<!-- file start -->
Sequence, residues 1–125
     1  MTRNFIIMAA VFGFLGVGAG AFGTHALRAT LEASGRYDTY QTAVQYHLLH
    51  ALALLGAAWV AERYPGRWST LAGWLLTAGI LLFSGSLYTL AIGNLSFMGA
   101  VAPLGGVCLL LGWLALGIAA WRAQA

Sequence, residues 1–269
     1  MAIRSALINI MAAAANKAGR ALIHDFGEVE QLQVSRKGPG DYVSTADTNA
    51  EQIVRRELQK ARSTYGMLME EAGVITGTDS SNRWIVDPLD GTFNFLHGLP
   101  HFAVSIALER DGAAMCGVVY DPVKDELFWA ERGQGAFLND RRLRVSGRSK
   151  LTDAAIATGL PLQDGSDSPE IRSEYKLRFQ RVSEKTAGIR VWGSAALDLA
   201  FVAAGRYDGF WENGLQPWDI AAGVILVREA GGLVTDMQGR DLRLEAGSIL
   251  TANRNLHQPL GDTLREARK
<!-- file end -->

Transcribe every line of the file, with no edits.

Sequence, residues 1–125
     1  MTRNFIIMAA VFGFLGVGAG AFGTHALRAT LEASGRYDTY QTAVQYHLLH
    51  ALALLGAAWV AERYPGRWST LAGWLLTAGI LLFSGSLYTL AIGNLSFMGA
   101  VAPLGGVCLL LGWLALGIAA WRAQA

Sequence, residues 1–269
     1  MAIRSALINI MAAAANKAGR ALIHDFGEVE QLQVSRKGPG DYVSTADTNA
    51  EQIVRRELQK ARSTYGMLME EAGVITGTDS SNRWIVDPLD GTFNFLHGLP
   101  HFAVSIALER DGAAMCGVVY DPVKDELFWA ERGQGAFLND RRLRVSGRSK
   151  LTDAAIATGL PLQDGSDSPE IRSEYKLRFQ RVSEKTAGIR VWGSAALDLA
   201  FVAAGRYDGF WENGLQPWDI AAGVILVREA GGLVTDMQGR DLRLEAGSIL
   251  TANRNLHQPL GDTLREARK